Philadelphia -- The industry will have to find a consensus sales and distribution model for on-demand services if it is to fully take advantage of the technology and stay ahead of its satellite competitors, according to executives speaking at a Cable & Telecommunications Association for Marketing CTAM Summit panel session here Monday.
With a number of operators offering different models for on-demand, ranging from Comcast Corp.’s free video-on-demand to Cablevision Systems Corp.’s subscription-VOD-based efforts, panelists speaking during a session on monetizing advanced video services said an industry-standard model has to be developed in order to maximize the message to consumers.
If not, the industry risks losing its lead positioning with consumers regarding VOD to satellite providers DirecTV Inc. and EchoStar Communications Corp. Both companies are working on pseudo-VOD distribution through content-downloading to digital-video recorders.
“We need to own this [technology] while we have an opportunity to do so,” Time Warner Cable senior vice president of programming Lynne Costantini said.
On the content end, Scripps Networks senior VP of emerging media Channing Dawson said content providers are still wary of providing proprietary programming for a VOD platform unless a financially viable business model emerges, whether from advertising or subscription fees.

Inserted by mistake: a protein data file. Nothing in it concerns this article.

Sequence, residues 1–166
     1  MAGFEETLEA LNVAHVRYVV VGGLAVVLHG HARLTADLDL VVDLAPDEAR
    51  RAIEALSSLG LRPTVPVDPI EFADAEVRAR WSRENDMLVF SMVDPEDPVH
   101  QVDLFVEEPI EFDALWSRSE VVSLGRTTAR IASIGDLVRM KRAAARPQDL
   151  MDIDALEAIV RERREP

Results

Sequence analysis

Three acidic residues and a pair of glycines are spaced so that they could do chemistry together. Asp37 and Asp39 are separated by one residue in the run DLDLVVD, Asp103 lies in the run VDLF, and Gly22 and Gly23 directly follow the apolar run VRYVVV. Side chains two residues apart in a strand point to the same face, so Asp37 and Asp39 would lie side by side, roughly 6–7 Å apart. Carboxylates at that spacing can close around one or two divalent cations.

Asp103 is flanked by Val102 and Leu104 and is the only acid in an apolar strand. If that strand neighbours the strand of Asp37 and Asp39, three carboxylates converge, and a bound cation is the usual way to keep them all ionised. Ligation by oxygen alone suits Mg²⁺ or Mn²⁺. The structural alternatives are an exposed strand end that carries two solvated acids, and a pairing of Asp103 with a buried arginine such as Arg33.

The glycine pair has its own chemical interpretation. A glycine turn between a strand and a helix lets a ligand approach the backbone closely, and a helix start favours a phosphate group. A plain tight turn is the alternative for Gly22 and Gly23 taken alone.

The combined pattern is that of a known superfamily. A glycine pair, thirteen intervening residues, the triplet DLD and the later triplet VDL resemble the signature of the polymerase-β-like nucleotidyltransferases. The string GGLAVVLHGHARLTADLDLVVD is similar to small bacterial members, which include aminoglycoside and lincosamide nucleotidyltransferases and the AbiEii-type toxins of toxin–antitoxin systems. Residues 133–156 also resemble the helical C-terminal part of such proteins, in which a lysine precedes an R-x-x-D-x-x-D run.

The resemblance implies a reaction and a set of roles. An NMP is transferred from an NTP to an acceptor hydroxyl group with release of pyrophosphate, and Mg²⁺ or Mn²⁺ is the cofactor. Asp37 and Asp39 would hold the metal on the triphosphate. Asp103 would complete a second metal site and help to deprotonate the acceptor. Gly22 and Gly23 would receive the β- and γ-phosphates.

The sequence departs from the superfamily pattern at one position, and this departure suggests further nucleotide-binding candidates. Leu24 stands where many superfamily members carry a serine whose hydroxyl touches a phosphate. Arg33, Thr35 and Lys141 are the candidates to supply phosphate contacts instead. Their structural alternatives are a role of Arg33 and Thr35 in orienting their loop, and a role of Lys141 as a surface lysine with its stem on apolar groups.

“We have to monetize [VOD] or we can’t play in the game,” he added. But from an advertising standpoint, Costantini said, the audience-measurement technology from Nielsen Media Research hasn’t caught up with the product, making it difficult for advertisers to support on-demand programming. “We need to work harder to make [the business model] work for it to be a win-win for programmers,” she added.
She also said the MSO is working on other technological advances, including anti-skipping commercial technology to make the platform more advertising-friendly and to entice programmers to offer earlier windows on popular content.
Along with providing short-form on-demand programming that can be ad-supported, she said, the industry should look beyond traditional advertising models to make the business financially viable for all involved.
As for other new technologies, such as HDTV, Showtime senior vice president of marketing Geof Rochester said there are opportunities to pass the cost of HD programming to the consumers as the technology grows. And as HD-production costs decrease over time, Dawson said, more programming can be developed, including in such genres as animation.
But in today’s world, Dawson said, networks need a little financial “stimulation” to jump-start the market before programmers begin to invest in developing HD programming.